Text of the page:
The principals I publish are true for any CNC machine working with frangible materials. A larger CNC machine, like the one you’re discussing, requires A HUGE AMOUNT MORE AIR than a Festool CT can draw.

With larger CNC machines one requires 4 inch (100mm) tubing with several horsepower of air extraction to be properly safe… assuming the machine is in an enclosure. Most shops are willing to take some risks so they forgo the enclosure and up the vacuum… or just live with the risks.

A HEPA filter is a requirement only if the air is returned to work area. A cheaper solution, if available, is to dump the air outside. All that is necessary is a 5 micron filter to prevent “snow”. Can you dump the air outside such that it doesn’t easily come back in? Can the output be placed such that the noise doesn’t bother a neighbor?

A proper cyclone (dust separator), vacuum (dust collector), and HEPA filter to deal with a machine of this size is $$$$. One can often build a unit that is cheaper than a commercial unit but the simplicity of a “canned solution” is often hard to refuse (just be done with it; buy your way out).

Yes, you need serious air volume but you also need serious air velocity. This requires big tubing, lots of HP, and proper set up.

The best thing I can advocate is call me and we’ll talk it out. We can work out a solution that is the best given your budget and circumstances. I live in the SF area (west coast). Call me @ 650-714-2693 and let’s get you set up.

KentCNC: AWESOME! I use them myself and in all my consulting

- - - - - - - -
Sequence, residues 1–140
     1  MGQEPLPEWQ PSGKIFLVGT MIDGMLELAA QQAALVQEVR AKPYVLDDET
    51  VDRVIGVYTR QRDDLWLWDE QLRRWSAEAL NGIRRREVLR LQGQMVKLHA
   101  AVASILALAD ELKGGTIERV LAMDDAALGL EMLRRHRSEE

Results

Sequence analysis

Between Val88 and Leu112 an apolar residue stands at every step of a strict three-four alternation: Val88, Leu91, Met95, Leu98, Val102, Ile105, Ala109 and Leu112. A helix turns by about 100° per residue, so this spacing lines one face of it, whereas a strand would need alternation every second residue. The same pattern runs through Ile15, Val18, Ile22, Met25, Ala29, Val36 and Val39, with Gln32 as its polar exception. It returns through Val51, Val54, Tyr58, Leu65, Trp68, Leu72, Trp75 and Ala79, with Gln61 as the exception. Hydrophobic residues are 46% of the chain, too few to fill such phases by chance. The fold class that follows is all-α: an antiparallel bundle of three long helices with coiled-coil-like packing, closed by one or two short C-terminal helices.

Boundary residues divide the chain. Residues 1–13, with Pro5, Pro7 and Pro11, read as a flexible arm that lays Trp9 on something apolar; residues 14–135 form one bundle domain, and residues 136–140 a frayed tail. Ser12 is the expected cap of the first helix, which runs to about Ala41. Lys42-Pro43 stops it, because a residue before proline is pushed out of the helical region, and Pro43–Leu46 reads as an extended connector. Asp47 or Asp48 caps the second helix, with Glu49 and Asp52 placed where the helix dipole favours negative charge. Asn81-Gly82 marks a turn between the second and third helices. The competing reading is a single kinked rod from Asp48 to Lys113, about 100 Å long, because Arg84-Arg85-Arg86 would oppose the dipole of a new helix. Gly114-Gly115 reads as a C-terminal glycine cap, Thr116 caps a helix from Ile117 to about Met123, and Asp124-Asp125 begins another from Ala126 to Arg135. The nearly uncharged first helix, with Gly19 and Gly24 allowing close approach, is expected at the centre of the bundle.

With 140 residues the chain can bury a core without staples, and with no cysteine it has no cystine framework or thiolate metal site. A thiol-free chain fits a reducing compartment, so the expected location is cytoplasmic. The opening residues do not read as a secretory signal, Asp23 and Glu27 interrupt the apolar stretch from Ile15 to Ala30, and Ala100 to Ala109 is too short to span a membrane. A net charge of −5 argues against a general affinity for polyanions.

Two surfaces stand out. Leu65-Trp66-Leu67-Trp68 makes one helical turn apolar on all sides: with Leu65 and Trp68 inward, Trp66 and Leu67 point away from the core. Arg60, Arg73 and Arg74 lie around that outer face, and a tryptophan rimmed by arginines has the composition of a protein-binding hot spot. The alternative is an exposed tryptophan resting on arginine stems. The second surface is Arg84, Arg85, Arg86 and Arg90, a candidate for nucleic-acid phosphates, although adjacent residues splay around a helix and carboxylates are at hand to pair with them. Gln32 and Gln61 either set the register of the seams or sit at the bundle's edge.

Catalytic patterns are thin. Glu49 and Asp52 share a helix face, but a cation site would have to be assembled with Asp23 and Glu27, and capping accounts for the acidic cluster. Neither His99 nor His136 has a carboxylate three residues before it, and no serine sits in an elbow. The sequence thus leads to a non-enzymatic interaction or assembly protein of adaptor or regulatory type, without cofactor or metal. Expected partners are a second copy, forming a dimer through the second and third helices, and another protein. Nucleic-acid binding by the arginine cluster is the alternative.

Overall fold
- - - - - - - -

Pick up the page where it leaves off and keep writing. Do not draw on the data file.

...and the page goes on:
mark

P.S.

Some materials may be VERY DANGEROUS to CNC. MDF is one of the worst. FR4 (PCB material) and carbon composite are two others. NEVER, NEVER let anyone machine “Copper” unless they can prove that is is Beryllium free.

No Plutonium either. :slight_smile:

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The physics for lofting - dust pick up - is complex but in the end one can greatly simplify (the approximations are more than good enough). For “perfect” collection one needs smooth 5 inch tubing, all the way to the dust head. Since there are losses along the way due to friction - non-laminar flow - and turbulence - bends and turns - man shops have 6 or 8 inch piping for distribution.

The infrastructure for 5 and 6 inch CNC dust collection is expensive. The alternative - widely used - is 4 inches. Why? Because a 4 inch system, properly designed and implemented, is very close to the efficiency of a 5 or 6 inch system… with much lower cost.

Dust collection is not simply a matter of using a vacuum - pressure - it is also a function of the air speed. Both are only possible using large diameter piping/tubing. The bigger the better.